Keep it calm during exam time

The end of the year is synonymous with exam time. Whether a child is in grade 4 or in grade 12, exam stress is very real and very common. Children are under great pressure to perform and do well – these expectations placed on them lead to extra stress.

All learning and thinking skills are functions of the cerebral cortex, our thinking brain. Our thinking brain functions as the CEO of the brain, and it is where all learning, problem-solving, abstract thinking and memory recall happens. The ability of the thinking brain to function adequately is dependent on the adequate function of the sensory and emotional parts of the brain. If the sensory brain is overwhelmed and stressed, one has great difficulty maintaining emotions and anxiety takes over. When the sensory brain is overwhelmed, the ability to think in a rational and clear way is compromised.

The ability to self-regulate and stay calm is vital to being able to cope with the pressures of exams. The following strategies will go a long way to helping the children in our lives cope with exam stress:

  • When studying, take a break every 30 – 45 minutes. Breaks must be taken away from the desk.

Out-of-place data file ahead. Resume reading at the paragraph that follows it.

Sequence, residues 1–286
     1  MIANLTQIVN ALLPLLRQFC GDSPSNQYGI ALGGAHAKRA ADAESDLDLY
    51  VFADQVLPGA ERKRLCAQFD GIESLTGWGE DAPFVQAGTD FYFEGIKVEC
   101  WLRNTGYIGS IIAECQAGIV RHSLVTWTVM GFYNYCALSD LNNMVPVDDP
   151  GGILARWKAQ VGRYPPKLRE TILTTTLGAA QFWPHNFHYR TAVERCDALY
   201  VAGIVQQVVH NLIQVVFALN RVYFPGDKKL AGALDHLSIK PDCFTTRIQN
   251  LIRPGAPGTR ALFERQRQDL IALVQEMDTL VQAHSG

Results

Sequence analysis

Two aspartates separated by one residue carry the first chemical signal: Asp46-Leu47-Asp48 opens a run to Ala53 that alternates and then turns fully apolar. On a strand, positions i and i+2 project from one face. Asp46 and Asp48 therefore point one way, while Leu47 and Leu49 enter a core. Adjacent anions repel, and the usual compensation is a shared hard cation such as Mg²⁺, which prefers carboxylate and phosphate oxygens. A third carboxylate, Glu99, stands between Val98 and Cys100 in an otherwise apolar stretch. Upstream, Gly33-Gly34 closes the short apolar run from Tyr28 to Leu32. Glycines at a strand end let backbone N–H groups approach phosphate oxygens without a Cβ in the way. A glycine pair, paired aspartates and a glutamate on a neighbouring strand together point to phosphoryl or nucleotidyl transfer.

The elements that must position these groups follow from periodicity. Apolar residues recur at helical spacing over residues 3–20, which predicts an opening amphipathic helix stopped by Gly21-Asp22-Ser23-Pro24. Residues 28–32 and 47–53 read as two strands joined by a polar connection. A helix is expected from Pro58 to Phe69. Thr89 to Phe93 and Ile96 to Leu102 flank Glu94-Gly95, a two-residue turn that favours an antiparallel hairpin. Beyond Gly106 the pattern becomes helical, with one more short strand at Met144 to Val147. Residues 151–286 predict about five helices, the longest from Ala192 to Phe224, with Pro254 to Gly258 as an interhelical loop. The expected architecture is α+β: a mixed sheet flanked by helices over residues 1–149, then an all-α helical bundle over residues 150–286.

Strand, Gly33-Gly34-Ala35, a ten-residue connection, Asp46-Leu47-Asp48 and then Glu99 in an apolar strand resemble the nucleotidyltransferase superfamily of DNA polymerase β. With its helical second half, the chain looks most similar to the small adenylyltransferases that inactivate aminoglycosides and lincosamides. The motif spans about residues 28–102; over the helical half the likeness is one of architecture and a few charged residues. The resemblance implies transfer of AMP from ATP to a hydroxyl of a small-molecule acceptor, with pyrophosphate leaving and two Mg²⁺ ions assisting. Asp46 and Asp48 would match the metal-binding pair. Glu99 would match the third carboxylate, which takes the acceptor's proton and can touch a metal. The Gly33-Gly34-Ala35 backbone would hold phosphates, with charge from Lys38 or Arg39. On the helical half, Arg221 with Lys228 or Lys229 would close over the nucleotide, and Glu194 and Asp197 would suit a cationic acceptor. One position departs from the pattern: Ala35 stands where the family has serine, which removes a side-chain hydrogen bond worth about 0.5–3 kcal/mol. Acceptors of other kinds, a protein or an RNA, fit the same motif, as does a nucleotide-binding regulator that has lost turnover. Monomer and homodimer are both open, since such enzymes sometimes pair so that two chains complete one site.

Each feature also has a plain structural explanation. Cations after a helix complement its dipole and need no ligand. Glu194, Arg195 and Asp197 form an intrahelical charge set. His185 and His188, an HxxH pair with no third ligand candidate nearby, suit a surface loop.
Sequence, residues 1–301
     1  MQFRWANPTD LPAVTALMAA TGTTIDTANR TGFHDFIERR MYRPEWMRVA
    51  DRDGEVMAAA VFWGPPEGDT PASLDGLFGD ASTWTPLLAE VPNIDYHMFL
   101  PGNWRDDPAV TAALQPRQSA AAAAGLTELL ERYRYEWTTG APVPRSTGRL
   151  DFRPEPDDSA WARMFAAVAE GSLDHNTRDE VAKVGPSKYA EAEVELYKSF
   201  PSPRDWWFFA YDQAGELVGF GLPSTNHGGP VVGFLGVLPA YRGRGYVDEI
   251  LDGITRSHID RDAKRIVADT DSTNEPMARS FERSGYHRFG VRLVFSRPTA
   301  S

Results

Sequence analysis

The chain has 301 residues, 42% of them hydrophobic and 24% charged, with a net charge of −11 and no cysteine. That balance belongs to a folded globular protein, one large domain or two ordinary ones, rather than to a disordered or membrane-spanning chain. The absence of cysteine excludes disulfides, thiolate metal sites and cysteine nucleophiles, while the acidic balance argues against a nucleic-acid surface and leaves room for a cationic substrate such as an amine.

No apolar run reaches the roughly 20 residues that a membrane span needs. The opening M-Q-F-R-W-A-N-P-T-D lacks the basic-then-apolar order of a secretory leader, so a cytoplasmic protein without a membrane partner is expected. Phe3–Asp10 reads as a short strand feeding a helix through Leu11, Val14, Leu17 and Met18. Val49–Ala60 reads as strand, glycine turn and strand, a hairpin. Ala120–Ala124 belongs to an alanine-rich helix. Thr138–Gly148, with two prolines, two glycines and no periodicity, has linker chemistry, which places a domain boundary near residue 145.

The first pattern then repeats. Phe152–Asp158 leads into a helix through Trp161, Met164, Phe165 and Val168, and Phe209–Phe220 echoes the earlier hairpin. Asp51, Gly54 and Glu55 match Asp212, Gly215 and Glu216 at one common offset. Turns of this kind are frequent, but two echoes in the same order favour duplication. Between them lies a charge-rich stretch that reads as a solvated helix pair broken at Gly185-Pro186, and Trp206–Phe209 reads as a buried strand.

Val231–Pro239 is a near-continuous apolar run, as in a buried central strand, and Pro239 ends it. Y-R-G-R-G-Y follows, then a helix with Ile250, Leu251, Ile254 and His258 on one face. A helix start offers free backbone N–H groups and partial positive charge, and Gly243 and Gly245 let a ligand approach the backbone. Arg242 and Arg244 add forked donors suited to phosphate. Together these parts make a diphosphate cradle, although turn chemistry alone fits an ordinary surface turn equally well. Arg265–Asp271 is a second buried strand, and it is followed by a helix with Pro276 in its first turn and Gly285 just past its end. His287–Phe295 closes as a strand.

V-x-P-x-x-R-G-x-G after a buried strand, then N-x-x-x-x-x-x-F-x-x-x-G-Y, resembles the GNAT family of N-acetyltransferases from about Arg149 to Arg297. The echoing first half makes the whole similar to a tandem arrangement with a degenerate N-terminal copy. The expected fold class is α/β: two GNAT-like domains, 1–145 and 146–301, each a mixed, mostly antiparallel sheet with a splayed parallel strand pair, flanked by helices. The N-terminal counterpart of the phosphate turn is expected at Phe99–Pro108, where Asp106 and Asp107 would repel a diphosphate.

• Encourage your child to take a movement break, or to maintain regular sport participation.
  • Maintain a healthy eating plan. Provide healthy snacks during studying periods such as nuts, carrots, apples, popcorn and pretzels. Crunchy snacks will provide alerting sensory input while the child sits at the desk to study.
  • Avoid sugary eats and drinks.
  • Encourage your child to keep a bottle of cool/cold water at the desk.
  • Allow your child to decide where and how he or she works best – encourage them to keep their working area clutter-free.
  • Ensure that there is enough natural light in the room.
  • Allow for them to make the sensory accommodations that they need to stay focused and alert, e.g. listening to music or wearing headphones to block out distracting sounds and having fidget tools to help focus.
  • Maintain a healthy and regular sleeping pattern. Get up and go to sleep at regular times. A minimum of 8 hours of sleep is recommended in order to give the brain and body time to rest. Sleeping is when the brain consolidates all the information that has been learned.

Let’s make exam time easier for our children, and let’s help them realise just how capable and resilient they are.